Yet Mary is the closest you will get to a real character in Common. Her intangibility would function if contrasted by whole, complete inhabitants of this world, but there are none. Others merely fade up from the dirt and back down into it. As though we experience them all through her delusion. She is the only one who bleeds and screams and feels alive, even when you’re half convinced she may have been dead all along.

Cush Jumbo is painfully, criminally underused as Laura. Without any knowledge of what the cuts were, or where they were made (I went two nights after press — to the newly svelte 40 mins shorter version), I have no idea whether Laura was ever more fleshed out character. Finally seeing a main stage production with two queer women of colour (Lois Chimimba plays Young Hannah, later seduced by Mary) I was left wishing they had benefitted from better writing. More agency. More care.

Mary’s is a passionate and consuming hunger, she has clawed her way out of London and back to this bare earth for this woman — who has, it seems, faded to almost nothing in her hard, cold life. But there’s no responsive spark of passion or even of anger in Laura — all of her love is served up in words only, and she holds herself within her body’s borders.

Her ultimate rejection of Mary makes no sense — she has no demonstrated attachment to the land, which frustrates her, and her affection for her brother is more obstinate than caring. Much of the second act consists of what ought to be crimes of passion — but we have no sense of their passion.

What should be the sorely needed emotional core of the play is ultimately derailed by… incest. (Yeah, what?)

It’s thoroughly unclear why this is such an overwhelming theme in Common, but it crops up everywhere. King’s apparently unreciprocated passion for his sister Laura; Heron’s inappropriate attraction to his mother — brought up for no obvious reason at all — and the tinge of it to Mary and Laura’s relationship. Raised as sisters, though not in blood, and eventually finding themselves in the same bed. If anything, it serves to invalidate their love — we see nothing of the affection they once shared, instead they cling to the boundaries of their existence like octopi in a jar. Forever in each other’s orbit, but never touching. It’s sadnessfrustrating.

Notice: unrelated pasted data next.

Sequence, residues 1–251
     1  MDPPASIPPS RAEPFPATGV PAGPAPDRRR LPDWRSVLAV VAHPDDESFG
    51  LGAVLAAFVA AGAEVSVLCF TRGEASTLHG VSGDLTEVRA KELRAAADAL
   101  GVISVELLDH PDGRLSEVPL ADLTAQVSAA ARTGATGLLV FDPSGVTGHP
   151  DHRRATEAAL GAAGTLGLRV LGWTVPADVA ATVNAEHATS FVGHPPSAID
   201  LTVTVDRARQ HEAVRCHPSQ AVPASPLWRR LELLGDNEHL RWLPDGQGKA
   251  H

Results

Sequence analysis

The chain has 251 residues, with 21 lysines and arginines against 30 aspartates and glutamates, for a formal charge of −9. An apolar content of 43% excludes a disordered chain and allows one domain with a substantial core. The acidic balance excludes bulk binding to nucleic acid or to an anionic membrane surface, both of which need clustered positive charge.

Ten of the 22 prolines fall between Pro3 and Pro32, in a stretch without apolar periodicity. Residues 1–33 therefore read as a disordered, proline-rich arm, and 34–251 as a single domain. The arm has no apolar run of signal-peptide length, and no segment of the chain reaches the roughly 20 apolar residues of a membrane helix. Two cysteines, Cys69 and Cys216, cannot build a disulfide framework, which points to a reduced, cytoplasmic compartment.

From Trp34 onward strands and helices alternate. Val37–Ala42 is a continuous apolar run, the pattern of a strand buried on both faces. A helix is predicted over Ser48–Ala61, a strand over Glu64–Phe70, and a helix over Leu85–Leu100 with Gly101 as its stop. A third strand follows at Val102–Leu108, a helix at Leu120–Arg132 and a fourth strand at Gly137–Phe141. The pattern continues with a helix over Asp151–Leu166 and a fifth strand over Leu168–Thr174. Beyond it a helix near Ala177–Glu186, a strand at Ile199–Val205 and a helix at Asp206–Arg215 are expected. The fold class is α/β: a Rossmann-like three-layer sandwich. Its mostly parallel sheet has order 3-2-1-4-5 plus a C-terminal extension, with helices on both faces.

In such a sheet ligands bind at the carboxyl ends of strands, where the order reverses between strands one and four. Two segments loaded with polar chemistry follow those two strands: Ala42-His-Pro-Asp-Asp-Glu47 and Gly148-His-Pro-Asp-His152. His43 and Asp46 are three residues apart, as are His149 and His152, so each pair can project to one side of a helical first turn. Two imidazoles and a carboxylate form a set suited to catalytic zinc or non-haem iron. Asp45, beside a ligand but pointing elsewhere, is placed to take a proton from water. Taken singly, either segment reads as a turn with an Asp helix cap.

Mary is permitted far more chemistry with Young Hannah than with Laura

Even though the NT have made the conscious decision to centre a queer relationship on stage, it still brought almost none of what I spend my theatregoing life waiting for — while I endure seeing women struck and spat upon and raped. Time after time after time after time after time after time after time after time.

What I want is to see is the normalcy of female intimacy. And no, that doesn’t always have to be sexual. Just women who love each other. Why does this so very, very rarely appear in our main houses? Why is it impossible to determine from marketing copy whether women are friends or in love? Why have the NT staged this, but are unable to admit what it’s about on their own website?

Our narratives seem to feel the need to reach back into the mists of time to depict female queerness — it is a truth universally acknowledged that a queer woman on a main stage must be in possession of a bustle. Is female intimacy only possible as a fanciful historical imagining? In contrast, much of the work depicting gay men is firmly rooted in the 20th and 21st century. The now or almost-now. They walk among us!

I just... I’m tired. Really quite tired. I would like to see lives and relationships on stage that I can relate to. Queer and trans and non-binary people are not a niche interest group, we just want to see ourselves in the art we’re paying to attend.

I’m bi, so you might be forgiven for thinking that there’s at least something for me in the storytelling of straight relationships. Yeah, sometimes. But not really. There’s a sort of internalised anxiety to straightness that spills out all over the place. You can feel it in the writing. A tingling sense that something’s slightly off — usually the power balance. A gradual pushing at a facet of your identity that tells you this is Not For You.